A Start in Life by C.F. Dowsett, 1891.
In my bedroom was a coil of stout Manilla rope screwed into the floor, near a window, so that an escape might be secured in the event of fire. The towels provided are a kind of compromise between a duster and a pocket handkerchief--rather disappointing to one accustomed
to his "tub." New York is great in tram-cars, worked by horses, mules, and electricity, also elevated railways...
In San Francisco, Dowsett praises the Palace Hotel, still in existence today. Years ago I read with incredulity of how practically every male used to chew tobacco and spit everywhere in public; here's Dowsett's graphic confirmation:
Of course, as most people know, the (to us) disgusting
practice of spitting is common in America; spittoons are universally provided in public and private places. At Merced Court House is this notice: "Gentlemen will not, and others should not spit upon the floors." Huge spittoons are provided there.
The awful guttural which precedes the constant expectoration of Americans is most trying. It excites in persons near them and who are unaccustomed to it, a sensation of necessity to vomit, as it conveys a fear that your neighbour is about to vomit over you. It is not the excusable expectoration arising from an accumalation in the air passages, but a continuous fusilade of saliva. It is a disgusting practice, and I believe will die out in America as its citizens travel more in the old countries and become used to manners more refined than such a one as this.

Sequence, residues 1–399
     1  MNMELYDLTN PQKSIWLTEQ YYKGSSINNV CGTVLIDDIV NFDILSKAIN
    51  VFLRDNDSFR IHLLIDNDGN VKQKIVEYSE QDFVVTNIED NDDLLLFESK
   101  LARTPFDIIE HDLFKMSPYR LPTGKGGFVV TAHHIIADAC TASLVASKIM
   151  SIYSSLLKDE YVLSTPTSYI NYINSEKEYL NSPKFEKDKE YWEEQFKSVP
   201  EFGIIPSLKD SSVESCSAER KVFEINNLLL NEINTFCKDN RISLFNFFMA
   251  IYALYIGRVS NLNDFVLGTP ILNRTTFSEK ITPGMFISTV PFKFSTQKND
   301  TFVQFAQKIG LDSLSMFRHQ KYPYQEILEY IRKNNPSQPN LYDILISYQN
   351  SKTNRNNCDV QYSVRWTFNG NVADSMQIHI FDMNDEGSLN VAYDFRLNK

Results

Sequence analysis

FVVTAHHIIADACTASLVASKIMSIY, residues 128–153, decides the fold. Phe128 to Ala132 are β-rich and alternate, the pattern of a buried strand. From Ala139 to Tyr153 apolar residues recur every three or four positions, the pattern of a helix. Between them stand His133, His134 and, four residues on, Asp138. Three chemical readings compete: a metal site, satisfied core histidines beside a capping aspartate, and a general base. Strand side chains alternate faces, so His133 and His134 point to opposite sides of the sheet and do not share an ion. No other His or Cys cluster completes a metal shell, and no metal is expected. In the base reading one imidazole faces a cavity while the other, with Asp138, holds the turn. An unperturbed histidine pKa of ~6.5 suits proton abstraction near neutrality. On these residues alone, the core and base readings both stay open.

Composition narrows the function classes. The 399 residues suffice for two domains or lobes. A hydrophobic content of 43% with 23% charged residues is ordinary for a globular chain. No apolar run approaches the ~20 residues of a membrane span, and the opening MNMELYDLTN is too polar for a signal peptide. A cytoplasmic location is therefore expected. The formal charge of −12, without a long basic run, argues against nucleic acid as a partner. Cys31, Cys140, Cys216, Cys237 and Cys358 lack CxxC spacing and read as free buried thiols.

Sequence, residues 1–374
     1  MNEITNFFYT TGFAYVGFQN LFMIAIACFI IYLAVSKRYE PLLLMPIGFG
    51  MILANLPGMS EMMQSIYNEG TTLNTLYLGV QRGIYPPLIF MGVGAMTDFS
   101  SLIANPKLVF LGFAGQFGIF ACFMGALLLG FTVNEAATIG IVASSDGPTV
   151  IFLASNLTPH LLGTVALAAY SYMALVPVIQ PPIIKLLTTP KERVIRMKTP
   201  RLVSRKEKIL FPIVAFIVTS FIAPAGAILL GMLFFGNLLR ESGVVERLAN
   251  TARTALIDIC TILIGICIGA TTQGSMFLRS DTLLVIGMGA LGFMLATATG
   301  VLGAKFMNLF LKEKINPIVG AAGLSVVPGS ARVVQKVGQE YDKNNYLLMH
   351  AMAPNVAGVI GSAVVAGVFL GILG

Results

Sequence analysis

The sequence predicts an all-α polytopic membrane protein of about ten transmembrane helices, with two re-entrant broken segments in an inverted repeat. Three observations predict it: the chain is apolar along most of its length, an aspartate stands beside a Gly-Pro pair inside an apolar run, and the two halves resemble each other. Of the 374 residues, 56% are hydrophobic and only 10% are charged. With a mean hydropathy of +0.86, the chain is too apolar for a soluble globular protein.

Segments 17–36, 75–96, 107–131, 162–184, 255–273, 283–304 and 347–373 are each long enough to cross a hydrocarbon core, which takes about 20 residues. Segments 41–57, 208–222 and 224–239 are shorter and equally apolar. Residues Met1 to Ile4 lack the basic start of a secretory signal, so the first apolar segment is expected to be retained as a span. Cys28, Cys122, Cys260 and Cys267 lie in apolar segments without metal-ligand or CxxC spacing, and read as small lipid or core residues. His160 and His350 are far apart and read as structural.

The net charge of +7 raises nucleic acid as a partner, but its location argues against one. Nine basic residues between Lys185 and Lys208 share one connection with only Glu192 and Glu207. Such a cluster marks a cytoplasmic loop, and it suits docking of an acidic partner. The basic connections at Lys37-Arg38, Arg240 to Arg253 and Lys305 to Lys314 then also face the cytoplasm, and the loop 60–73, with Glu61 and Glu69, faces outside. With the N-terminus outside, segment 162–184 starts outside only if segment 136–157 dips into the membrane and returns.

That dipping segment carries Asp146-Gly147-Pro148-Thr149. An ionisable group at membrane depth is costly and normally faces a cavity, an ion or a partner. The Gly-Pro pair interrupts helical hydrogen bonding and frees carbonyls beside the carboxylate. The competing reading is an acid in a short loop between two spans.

"Genial" is Dowsett's favorite adjective, particularly in describing California's climate. It's full of quaint/bizarre little details like this one:
To put in the potatoes a settler would need the help of a labourer, to whom he would have to give one dollar per day and his board, or, if the labourer be a Chinaman, one dollar and a quarter per day without his board.
Was that because Chinese immigrants didn't want to eat American food, but others did? Or was predjudice such that whites wouldn't have Asians under the same roof? No explanations here.
A twelve room house cost $3,000 to $4,000. On the other hand, macaroni was 15 cents a pound, not that far off from what it is today.
The most interesting thing to me is the worldview when agriculture was still the primary means of earning a living. No matter who you were or what your personality or inclinations, fruit farming would seem like a decent choice of career, or even a way to get rich if you believed every word C.F. Dowsett wrote...